• A qualified structured literacy teacher

    – To be an effective instructor for the dyslexic learner, a teacher/therapist needs special training. The IDA accredits professional development programs that meet IDA Knowledge & Practice Standards. Professional development programs that have earned IDA’s Accreditation-PLUS prepare professionals to work one-on-one with students who have complex language processing difficulties.

  • Adequate structured, daily practice

    – A system of structured, daily practice, available online, is critical to the student’s success and advancement. It allows the student to make measurable progress, offers immediate error correction, and provides the parent and teacher with data about the student’s mastery of specific skills.

2. Access to accommodations and technologies

The dyslexic child may need a variety of accommodations, such as extended time to complete assignments and tests. Parents should consider their child’s unique needs in exploring this subject with potential online schools. For example, a child who has reading and spelling challenges can benefit from the support of audio services that provide reading assignments and tests in audio mode for “ear reading.” For writing assignments, a dyslexic student may benefit from technologies such as speech-to-text and spell- and grammar-checkers that work on the level of the sentence (to flag misspellings such as “there” versus “their”). School-wide use of organizational software, such as planning organizers and a calendar system for assignments can be valuable.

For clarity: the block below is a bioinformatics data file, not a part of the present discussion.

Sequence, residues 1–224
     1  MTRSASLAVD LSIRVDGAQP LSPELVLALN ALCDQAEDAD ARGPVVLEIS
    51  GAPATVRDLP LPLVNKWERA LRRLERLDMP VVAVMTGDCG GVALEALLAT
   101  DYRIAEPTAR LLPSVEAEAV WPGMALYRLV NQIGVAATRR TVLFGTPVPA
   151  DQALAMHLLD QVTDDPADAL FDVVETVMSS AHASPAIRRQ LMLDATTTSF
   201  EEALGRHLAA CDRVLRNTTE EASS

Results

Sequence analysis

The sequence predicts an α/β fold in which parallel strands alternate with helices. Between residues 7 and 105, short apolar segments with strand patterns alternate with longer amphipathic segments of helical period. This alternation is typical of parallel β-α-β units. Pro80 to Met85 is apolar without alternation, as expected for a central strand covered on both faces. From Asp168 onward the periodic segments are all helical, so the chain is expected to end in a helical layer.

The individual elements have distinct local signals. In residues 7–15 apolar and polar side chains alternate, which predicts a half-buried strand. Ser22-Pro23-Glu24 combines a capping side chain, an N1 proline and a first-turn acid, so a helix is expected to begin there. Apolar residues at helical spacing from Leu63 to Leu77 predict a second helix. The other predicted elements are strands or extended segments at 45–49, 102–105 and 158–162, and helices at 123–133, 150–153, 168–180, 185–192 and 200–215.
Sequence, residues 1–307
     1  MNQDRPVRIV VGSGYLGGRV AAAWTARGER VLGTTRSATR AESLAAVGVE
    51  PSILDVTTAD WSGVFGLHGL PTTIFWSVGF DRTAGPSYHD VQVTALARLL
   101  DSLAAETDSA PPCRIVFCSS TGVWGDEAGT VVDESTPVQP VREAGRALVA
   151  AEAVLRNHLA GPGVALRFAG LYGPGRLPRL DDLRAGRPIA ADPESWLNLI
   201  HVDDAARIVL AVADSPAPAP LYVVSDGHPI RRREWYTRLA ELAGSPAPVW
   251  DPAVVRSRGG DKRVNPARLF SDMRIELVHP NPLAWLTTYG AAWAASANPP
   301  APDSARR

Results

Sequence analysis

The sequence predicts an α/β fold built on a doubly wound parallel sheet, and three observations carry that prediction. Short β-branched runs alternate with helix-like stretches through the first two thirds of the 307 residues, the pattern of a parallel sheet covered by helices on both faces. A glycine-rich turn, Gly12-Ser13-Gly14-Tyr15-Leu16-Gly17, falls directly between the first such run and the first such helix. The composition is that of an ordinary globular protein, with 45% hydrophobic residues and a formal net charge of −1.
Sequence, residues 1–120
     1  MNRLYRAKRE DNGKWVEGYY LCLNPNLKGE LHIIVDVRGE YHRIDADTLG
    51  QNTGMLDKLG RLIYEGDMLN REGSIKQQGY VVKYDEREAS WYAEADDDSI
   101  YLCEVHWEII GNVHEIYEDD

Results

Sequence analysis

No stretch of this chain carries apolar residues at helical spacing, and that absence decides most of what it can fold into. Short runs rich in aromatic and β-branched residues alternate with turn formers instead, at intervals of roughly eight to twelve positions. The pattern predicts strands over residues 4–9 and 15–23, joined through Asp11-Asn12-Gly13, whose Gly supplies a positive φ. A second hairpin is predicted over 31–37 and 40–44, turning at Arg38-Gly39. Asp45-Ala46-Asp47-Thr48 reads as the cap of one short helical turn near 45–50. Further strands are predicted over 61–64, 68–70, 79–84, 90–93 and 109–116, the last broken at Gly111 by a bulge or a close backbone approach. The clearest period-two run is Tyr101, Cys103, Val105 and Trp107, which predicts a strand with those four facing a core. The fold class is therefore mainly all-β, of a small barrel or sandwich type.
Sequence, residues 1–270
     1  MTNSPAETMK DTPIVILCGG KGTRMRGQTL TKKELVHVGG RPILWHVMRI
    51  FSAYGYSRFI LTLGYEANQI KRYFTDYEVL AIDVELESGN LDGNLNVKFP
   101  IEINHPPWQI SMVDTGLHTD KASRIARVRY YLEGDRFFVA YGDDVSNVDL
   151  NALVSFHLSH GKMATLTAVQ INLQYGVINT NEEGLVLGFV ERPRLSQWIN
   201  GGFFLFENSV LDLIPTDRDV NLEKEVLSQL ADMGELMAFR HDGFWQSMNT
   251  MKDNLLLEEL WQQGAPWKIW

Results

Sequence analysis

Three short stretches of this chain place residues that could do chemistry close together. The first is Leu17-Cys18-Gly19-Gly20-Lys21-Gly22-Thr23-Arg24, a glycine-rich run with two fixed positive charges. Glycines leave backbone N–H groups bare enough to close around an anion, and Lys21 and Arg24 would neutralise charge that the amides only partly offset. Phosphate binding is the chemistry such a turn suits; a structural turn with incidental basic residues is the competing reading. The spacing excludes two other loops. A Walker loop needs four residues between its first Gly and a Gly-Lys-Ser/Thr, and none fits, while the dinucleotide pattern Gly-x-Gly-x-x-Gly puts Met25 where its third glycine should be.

3. Content subjects 

For content subjects such as mathematics, science, history, literature, and art, ask to see the curricula and review the content. Each curriculum should specify what the student will know and be able to do after completing each unit and at the end of the course. Skills and strategies should be related to mastering specific content as opposed to vague objectives, disconnected from content. (For example:  “The student will summarize the causes of the American Civil War” as opposed to “The student will summarize passages.”)